Matters of Life & Beth – The Value of Volunteering
“Doing something for nothing” is a phrase I once heard describing volunteering. I’d never thought much about it until I began volunteering myself, and then realized that “nothing” is actually very much something. By that I mean that the unquantifiable rewards that come from acting selflessly are rather significant.
My first stop as a volunteer was with the People’s Pantry in North Andover. In the good company of a team of volunteers, I help distribute grocery items to people in need. On my first day with the pantry, I felt a true sense of accomplishment because I was giving back to my community and fulfilling a civic responsibility. Working at the pantry, engaging with the guests and wishing them well brought the local hunger situation to life for me. I was helping to make a difference.
I thought about the times I had made charitable donations and noted how contributing actively to a cause produced a very different feeling than simply writing a check. Now, four years later, I gladly continue to give my time.
Soon after beginning my work at the pantry, I was given the opportunity to help build a website for Everyone’s A Player (EAP), a volunteer-run nonprofit based in North Andover that helps athletes overcome financial challenges in order to participate in youth sports. I was proud to contribute to a program that I believed in, and found the unwavering commitment of the EAP founders to be contagious.
At a time when schedules are busier than ever, you might wonder what drives such altruism. In many cases, it’s personal.
“After becoming a mother and witnessing how sports affected my children in such a positive way, my heart went out to those who weren’t able to participate because of financial means,” says Tracy Sportelli, one of the founders of Everyone’s A Player. “Every child deserves to take part in athletic endeavors. All of the EAP co-founders felt strongly that we should do something to help level the playing field — even if it’s one child at a time.”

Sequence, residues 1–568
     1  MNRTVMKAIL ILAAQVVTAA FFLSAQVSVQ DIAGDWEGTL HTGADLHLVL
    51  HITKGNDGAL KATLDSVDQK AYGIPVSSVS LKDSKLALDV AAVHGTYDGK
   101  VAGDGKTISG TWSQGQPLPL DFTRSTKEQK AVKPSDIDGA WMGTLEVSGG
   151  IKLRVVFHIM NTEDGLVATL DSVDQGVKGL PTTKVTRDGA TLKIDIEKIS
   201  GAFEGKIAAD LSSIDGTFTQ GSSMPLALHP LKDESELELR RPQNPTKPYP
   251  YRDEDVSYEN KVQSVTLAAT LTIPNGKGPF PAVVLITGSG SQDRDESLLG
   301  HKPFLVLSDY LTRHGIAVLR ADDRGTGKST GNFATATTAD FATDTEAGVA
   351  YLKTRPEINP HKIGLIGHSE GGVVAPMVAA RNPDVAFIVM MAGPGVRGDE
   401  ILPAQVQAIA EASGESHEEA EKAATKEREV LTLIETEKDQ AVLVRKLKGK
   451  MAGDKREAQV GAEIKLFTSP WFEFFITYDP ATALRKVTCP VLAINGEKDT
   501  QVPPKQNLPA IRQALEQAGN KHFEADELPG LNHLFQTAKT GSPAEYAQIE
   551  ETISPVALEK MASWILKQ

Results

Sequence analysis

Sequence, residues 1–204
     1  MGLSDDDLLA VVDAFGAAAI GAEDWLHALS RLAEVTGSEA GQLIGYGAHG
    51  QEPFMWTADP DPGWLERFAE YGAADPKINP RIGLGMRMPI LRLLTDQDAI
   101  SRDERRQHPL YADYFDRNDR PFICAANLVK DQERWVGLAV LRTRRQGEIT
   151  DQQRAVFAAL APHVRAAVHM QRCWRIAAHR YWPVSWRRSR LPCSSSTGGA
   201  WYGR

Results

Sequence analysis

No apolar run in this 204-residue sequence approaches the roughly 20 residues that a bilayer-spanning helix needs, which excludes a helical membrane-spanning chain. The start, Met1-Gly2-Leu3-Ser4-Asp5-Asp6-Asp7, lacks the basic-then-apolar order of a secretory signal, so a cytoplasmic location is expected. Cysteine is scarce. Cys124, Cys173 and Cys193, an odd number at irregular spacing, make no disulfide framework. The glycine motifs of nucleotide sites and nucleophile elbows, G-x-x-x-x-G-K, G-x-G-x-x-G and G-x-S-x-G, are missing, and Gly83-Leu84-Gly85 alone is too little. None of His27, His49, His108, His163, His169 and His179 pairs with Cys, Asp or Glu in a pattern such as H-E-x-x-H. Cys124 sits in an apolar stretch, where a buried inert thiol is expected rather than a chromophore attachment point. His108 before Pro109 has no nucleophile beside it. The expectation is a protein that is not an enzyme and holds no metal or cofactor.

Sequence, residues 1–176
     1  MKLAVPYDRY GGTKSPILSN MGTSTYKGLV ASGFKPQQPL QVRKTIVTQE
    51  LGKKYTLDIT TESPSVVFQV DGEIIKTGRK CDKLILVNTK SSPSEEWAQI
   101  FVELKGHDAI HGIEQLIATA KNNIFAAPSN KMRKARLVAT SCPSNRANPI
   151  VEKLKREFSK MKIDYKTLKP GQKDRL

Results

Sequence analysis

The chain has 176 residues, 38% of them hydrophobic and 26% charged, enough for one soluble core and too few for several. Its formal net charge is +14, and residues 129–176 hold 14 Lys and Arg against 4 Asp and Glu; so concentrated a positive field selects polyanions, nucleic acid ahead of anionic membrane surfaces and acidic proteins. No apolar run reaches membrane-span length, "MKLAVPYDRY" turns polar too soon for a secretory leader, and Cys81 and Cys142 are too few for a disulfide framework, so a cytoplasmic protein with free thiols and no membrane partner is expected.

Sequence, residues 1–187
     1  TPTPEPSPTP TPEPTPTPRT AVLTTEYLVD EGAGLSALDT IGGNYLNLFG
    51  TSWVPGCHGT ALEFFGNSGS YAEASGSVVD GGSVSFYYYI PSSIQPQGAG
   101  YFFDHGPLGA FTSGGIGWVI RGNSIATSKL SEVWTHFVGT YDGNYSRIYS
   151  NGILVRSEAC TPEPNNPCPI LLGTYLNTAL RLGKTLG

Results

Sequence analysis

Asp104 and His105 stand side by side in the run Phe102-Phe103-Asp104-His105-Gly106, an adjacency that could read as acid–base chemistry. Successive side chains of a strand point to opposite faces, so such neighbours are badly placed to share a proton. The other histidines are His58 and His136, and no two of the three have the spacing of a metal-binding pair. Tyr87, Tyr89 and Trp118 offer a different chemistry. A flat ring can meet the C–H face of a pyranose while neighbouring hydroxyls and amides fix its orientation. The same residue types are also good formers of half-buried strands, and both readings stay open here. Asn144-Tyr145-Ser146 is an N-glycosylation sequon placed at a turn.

Whether you volunteer in your children’s classroom, at an animal shelter, a soup kitchen or a senior living facility, the impact is far-reaching. And volunteering is for everyone, no matter your skills, financial status or where you live.
“The generosity that you see in the inner cities of Lowell and Lawrence is no different than that of the people in Westford or Concord,” says Dan Bush, national executive director for the Jericho Road Project, a nonprofit based in Concord, Mass. that helps other nonprofits improve what they do. “People are very generous. With our volunteers, we can change the world.”
Before you commit to a volunteer venture you should ask yourself some important questions:
What matters to me? You will get the most out of your volunteer experience if it is something you believe in or are passionate about.
What can I realistically manage? Don’t overcommit. If you do, you will undoubtedly walk away from your volunteer position before you’ve gotten the most out of it.
Do I have an ulterior motive? If you do, that’s OK. Skill development, networking, social connections and boosting your college application are all valid reasons to volunteer. In fact, long-standing volunteerism with a singular program has become an important distinguishing factor in college admissions.
Volunteering is good for many reasons. You might be surprised to learn that certain health benefits are associated with volunteering, including reduced stress, lower blood pressure, decreased rates of depression, and diminished levels of chronic pain.
If you’re worried that you don’t have the energy for volunteer work, Bush offers encouragement by suggesting “it’s the best tired” that you’ll ever be.
Beth Daigle is the editor of Merrimack Valley Home magazine and is currently working on her first book. Visit her new blog at 3OlivesandaTwist.com.